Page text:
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OSHA seeks members to serve on committee protecting construction workers' safety, health
OSHA is seeking nominations for individuals to serve on the Advisory Committee on Construction Safety and Health (ACCSH). The committee advises the Secretary of Labor on developing standards and policies that affect the safety and health of construction workers.
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US Dept of Labor's OSHA Awards $8 Million in Safety and Health Training Grants
The U.S. Department of Labor's Occupational Safety and Health Administration today awarded $8 million in Susan Harwood Capacity Building Grants to 45 organizations, including nonprofit and community/faith-based groups, employer associations, labor unions, joint labor/management associations, and colleges and universities.
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Obama Administration Moves Long-Term Gulf Plan Forward / Mabus recovery plan focuses on funding, governance, involvement / EPA Administrator to lead ecosystem task force
The Obama administration has put forward an aggressive restoration plan, including a call for dedicated funds, to help strengthen the gulf region's environment, economy, and health following the Deepwater Horizon oil spill.
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EPA Will Propose Rule to Protect Waterways by Reducing Mercury from Dental Offices / Existing technology is available to capture dental mercury
The U.S. Environmental Protection Agency (EPA) today announced it intends to propose a rule to reduce mercury waste from dental offices. Dental amalgams, or fillings containing mercury, account for 3.7 tons of mercury discharged from dental offices each year.
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EPA Great Lakes Restoration Initiative Grants Awarded for New York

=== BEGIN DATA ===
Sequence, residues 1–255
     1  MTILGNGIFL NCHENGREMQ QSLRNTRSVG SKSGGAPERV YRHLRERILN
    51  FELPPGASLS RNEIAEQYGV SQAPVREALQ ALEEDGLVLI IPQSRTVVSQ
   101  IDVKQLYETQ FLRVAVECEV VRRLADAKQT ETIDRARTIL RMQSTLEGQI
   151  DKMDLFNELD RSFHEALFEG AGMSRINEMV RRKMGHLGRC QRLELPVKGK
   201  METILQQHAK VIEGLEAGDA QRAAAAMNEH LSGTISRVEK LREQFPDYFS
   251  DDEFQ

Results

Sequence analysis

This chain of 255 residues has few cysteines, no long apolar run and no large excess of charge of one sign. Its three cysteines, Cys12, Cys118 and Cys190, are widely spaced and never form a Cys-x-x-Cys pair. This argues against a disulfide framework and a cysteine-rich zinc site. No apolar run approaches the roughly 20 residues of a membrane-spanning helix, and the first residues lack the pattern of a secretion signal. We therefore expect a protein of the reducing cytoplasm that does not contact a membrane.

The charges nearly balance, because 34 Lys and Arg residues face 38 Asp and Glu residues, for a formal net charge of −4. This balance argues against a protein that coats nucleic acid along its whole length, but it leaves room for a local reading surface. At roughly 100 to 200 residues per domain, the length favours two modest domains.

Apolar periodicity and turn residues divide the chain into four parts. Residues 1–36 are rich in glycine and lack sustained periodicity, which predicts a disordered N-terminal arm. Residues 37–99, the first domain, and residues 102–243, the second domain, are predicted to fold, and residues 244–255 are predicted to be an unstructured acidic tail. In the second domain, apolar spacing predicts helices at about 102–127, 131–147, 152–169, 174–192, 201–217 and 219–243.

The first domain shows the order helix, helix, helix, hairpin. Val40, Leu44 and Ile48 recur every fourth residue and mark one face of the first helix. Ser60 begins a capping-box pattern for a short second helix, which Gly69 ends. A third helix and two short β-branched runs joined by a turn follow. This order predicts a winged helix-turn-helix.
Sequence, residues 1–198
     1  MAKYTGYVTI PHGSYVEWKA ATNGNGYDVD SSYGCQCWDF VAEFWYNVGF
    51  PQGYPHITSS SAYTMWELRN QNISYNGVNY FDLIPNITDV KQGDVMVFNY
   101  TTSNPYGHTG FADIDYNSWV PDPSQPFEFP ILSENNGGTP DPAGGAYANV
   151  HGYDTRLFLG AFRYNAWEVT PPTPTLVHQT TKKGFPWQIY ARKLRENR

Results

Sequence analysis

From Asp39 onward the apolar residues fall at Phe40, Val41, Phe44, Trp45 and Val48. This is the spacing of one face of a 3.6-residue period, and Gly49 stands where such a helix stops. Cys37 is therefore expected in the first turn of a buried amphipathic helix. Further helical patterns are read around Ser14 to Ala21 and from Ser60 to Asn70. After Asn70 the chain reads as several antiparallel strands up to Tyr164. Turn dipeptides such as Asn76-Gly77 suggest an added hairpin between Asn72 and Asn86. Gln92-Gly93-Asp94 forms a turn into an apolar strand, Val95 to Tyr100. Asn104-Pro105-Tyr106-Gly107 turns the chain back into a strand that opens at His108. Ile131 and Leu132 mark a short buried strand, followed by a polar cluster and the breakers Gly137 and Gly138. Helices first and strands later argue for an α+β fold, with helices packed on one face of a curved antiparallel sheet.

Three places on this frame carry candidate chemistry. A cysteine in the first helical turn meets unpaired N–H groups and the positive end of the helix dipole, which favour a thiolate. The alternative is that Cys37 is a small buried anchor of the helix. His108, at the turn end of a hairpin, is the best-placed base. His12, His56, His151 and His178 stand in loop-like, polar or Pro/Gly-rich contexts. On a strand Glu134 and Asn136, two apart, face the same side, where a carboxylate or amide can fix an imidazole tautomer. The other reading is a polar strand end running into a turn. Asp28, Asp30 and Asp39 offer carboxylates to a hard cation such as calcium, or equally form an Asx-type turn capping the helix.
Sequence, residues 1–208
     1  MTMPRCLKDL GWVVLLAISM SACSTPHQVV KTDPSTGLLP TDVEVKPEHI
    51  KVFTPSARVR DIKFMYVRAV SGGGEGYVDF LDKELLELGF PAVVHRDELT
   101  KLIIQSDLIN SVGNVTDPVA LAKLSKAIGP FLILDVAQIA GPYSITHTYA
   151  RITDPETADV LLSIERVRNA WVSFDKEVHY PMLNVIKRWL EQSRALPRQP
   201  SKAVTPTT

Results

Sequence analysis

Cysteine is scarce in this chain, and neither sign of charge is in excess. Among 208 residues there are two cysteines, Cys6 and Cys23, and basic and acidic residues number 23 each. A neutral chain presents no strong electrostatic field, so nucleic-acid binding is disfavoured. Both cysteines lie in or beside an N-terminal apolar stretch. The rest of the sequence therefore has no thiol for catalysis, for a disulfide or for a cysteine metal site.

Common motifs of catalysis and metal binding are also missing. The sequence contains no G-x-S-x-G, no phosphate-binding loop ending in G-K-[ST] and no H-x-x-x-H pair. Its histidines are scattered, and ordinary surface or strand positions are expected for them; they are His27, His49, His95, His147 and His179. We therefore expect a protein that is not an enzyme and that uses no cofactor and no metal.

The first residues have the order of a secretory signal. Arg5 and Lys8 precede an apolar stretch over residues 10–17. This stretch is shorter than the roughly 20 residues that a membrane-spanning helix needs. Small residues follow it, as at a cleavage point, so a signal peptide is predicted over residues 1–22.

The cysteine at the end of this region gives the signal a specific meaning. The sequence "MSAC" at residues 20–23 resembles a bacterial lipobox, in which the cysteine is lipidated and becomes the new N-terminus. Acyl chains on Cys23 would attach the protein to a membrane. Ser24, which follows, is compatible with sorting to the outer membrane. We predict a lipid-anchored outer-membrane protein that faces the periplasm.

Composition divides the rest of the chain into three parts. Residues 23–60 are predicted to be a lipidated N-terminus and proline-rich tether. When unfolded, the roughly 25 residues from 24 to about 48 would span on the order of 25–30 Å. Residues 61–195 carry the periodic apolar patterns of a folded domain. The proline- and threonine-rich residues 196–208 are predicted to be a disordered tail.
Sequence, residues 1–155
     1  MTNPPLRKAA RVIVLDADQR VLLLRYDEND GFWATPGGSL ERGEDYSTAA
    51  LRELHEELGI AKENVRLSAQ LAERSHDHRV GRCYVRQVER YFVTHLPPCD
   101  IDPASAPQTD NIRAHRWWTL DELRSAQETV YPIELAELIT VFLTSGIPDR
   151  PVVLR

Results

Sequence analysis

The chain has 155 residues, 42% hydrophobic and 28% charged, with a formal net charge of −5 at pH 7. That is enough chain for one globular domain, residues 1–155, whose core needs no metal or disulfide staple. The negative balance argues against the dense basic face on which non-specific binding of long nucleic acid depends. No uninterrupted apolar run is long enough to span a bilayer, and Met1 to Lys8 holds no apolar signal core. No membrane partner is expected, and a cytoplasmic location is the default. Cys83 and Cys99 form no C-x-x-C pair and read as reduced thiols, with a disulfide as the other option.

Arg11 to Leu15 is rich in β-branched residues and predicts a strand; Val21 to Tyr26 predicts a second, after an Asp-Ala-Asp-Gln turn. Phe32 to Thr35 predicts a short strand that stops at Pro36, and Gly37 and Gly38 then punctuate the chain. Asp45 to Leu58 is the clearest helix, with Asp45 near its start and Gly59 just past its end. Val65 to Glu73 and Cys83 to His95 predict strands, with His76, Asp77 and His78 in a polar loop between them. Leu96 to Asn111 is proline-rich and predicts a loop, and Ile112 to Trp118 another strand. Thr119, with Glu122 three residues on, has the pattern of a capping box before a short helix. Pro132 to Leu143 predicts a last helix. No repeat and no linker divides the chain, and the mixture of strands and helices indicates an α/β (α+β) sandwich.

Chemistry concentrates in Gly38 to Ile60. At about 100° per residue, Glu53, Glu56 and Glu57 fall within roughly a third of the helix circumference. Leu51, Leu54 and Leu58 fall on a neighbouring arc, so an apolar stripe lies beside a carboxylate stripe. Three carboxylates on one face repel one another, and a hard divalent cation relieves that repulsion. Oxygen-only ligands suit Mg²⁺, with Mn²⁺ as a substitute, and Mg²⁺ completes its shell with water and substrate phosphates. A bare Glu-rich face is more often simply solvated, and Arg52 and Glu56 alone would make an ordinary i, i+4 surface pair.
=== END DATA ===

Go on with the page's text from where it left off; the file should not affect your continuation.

The U.S. Environmental Protection Agency is making a $20 million investment in the Great Lakes through New York State, targeting the most significant environmental problems facing the Great Lakes.
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August 2010

BP to Pay $50.6 Million to Resolve US Labor Department litigation
The U.S. Department of Labor's Occupational Safety and Health Administration today announced that BP Products North America Inc. will pay a full penalty of $50.6 million stemming from the 2005 explosion at its Texas City, Texas, refinery that killed 15 workers and injured 170 others...
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Labor Secretary Hilda L. Solis Comments on Decline in Fatal Occupational Injuries During 2009
Preliminary results from the Bureau of Labor Statistics' National Census of Fatal Occupational Injuries released today show a decline in workplace fatalities in 2009 compared with 2008. Last year, 4,340 workers died from work-related injuries, down from a final count of 5,214 fatal work injuries in 2008. Last year, 4,340 workers died from work-related injuries, down from a final count of 5,214 fatal work injuries in 2008. In response, Secretary of Labor Hilda L. Solis issued the following statement...
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Administrator Highlights Importance of Agency's Science Laboratory in New Jersey; Announces New Resources for National Environmental Response Team Lab Facilities